Timing pesticide applications based on monitoring data rather than by the calendar can significantly reduce the frequency of applications. Keep records of insect pests and weeds and do not apply chemicals unless pests are present at threshold levels. Presence of disease pathogens should also be considered. Moreover, environmental monitoring can be used to forecast diseases and to time treatments. When applying pesticides, always start with the lowest recommended rate and use the lowest effective application frequency to reduce pesticide resistance.

Persistent chemicals
Avoid the use of persistent chemicals. An ideal pesticide quickly dissipates so that residuals do not promote the development of resistant insect populations. If a persistent pesticide such as imidicloprid must be used, determine where it can be used in a rotation scheme to provide the control needed with a minimum length of exposure.

Tank mixes
Never combine two pesticides with the same mode of action in a tank mix because this practice can favor the establishment of resistant pest individuals. Most traditional insecticides (organophosphates and carbamates) use a similar mode of action (interfering with the nervous system of the target insect). Long-term use of two-class pesticide mixes should also be avoided, even in situations where the tank mix provides superior pest control, because this may result in a pest population that is resistant to both pesticides.
   
Occasionally, simultaneous application of two different types of chemicals may be necessary. However, even in this case tank mixes should be avoided and formulations that require different types of application are recommended.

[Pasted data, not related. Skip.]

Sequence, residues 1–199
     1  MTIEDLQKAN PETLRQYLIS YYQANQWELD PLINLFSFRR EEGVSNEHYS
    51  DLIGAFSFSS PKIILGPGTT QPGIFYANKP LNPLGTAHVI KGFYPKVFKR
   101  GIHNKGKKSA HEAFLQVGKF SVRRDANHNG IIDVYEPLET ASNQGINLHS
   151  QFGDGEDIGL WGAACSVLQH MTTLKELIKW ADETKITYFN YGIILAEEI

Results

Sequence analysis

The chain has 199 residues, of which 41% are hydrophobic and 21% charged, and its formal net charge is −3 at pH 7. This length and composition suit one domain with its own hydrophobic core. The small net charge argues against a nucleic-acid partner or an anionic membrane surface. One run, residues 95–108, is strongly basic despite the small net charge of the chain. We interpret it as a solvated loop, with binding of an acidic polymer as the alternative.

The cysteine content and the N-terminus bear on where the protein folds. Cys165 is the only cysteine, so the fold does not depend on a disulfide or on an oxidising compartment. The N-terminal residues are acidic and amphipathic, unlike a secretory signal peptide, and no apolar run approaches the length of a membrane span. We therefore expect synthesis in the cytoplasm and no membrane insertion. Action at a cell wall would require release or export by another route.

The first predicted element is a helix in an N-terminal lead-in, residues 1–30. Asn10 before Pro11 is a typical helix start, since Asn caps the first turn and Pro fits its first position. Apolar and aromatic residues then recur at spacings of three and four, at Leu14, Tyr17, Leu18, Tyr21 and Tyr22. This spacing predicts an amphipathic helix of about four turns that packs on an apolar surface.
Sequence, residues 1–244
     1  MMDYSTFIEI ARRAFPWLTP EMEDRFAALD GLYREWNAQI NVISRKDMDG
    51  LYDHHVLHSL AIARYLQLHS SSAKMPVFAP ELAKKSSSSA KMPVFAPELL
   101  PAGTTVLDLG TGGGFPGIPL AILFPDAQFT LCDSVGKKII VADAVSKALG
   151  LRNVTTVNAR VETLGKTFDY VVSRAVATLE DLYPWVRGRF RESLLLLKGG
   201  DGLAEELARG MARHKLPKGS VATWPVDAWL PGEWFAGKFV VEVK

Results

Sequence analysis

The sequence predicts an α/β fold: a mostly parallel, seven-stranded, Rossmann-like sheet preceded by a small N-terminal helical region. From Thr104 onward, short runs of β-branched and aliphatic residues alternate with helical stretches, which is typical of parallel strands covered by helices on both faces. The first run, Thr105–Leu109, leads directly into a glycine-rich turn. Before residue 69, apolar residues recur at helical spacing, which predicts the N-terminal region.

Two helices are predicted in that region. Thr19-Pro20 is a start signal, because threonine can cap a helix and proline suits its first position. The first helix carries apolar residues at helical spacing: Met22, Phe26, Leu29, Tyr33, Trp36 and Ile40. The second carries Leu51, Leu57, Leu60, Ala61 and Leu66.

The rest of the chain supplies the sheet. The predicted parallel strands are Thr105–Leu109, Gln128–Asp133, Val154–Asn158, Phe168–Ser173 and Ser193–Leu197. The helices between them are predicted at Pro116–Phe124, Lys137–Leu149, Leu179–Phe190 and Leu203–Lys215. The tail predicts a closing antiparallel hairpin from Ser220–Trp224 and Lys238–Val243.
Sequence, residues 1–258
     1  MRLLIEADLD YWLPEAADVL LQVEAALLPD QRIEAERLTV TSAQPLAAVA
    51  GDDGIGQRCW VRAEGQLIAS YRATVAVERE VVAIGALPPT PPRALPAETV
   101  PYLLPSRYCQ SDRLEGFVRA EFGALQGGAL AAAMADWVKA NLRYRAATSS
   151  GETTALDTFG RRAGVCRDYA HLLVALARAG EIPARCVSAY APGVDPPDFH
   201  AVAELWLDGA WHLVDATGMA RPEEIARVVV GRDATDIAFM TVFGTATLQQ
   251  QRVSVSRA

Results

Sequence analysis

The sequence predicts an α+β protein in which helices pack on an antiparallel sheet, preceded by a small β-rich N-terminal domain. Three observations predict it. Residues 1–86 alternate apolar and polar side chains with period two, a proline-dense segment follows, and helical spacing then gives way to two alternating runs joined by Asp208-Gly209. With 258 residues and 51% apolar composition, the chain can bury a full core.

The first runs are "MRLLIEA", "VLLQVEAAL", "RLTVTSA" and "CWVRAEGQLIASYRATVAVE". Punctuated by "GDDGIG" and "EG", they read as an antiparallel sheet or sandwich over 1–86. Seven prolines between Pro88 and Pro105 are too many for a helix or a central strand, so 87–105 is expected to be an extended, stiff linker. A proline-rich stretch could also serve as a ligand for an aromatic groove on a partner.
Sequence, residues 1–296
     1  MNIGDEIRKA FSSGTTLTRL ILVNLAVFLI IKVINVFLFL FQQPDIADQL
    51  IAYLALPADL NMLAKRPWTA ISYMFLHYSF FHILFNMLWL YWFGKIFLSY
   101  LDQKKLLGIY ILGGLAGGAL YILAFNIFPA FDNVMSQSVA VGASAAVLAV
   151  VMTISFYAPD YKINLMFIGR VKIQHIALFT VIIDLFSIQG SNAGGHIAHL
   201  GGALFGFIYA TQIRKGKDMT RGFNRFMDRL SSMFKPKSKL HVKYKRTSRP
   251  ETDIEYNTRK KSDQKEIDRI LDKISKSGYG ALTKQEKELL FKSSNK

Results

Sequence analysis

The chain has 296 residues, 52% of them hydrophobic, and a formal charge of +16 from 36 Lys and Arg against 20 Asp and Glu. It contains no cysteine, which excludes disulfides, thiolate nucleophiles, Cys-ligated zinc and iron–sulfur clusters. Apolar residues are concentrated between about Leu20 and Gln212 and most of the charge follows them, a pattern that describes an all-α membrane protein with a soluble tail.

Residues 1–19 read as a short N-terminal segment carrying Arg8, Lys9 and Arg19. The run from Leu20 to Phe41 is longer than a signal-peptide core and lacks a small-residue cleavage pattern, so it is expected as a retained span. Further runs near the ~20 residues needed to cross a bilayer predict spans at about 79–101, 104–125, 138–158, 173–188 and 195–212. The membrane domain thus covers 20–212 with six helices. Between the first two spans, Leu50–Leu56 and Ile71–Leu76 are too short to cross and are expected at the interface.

For example, when an insect growth regulator (IGR) and an adulticide are necessary to control whiteflies because all life stages are present, the insect growth regulator could be applied as a spray, and the adulticide, as an aerosol or smoke. This treatment will kill the adults with little residual that might select for resistance buildup in surviving immatures.

Rotate pesticides
A key resistance-management practice is rotating classes of pesticides. However, the rotation strategies for insects differ from the rotation strategies for fungal pathogens. With fungicides, it is suggested that classes be rotated every application. With insecticides, a single chemical class should be used for a single generation of the target pest followed by a rotation to a new class of insecticide that will affect the next generation and any survivors from the first generation.
   
Longer use of a single chemical class enhances the chance of resistance because the survivors of the first generation and the next will most likely be tolerant to that class. Conversely, if insecticide classes are switched with every application, the same individual insects could be exposed to multiple classes of pesticides, which could encourage the development of multiple-pesticide-resistant pests.